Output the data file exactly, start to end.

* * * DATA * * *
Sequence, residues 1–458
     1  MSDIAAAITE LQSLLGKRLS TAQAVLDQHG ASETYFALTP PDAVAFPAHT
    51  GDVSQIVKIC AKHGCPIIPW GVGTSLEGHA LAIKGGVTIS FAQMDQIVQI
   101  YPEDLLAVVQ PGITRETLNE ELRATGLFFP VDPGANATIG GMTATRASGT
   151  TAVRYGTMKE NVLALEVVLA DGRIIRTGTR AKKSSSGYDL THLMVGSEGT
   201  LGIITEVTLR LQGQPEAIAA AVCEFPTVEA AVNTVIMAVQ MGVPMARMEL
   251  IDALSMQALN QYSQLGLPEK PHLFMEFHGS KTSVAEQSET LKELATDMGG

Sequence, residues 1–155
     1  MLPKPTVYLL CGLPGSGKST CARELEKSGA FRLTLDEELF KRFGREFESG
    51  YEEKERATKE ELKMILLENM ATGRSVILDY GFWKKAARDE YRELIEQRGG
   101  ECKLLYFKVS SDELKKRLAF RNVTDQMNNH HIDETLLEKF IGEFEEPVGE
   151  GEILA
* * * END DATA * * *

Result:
Sequence, residues 1–458
     1  MSDIAAAITE LQSLLGKRLS TAQAVLDQHG ASETYFALTP PDAVAFPAHT
    51  GDVSQIVKIC AKHGCPIIPW GVGTSLEGHA LAIKGGVTIS FAQMDQIVQI
   101  YPEDLLAVVQ PGITRETLNE ELRATGLFFP VDPGANATIG GMTATRASGT
   151  TAVRYGTMKE NVLALEVVLA DGRIIRTGTR AKKSSSGYDL THLMVGSEGT
   201  LGIITEVTLR LQGQPEAIAA AVCEFPTVEA AVNTVIMAVQ MGVPMARMEL
   251  IDALSMQALN QYSQLGLPEK PHLFMEFHGS KTSVAEQSET LKELATDMGG

Sequence, residues 1–155
     1  MLPKPTVYLL CGLPGSGKST CARELEKSGA FRLTLDEELF KRFGREFESG
    51  YEEKERATKE ELKMILLENM ATGRSVILDY GFWKKAARDE YRELIEQRGG
   101  ECKLLYFKVS SDELKKRLAF RNVTDQMNNH HIDETLLEKF IGEFEEPVGE
   151  GEILA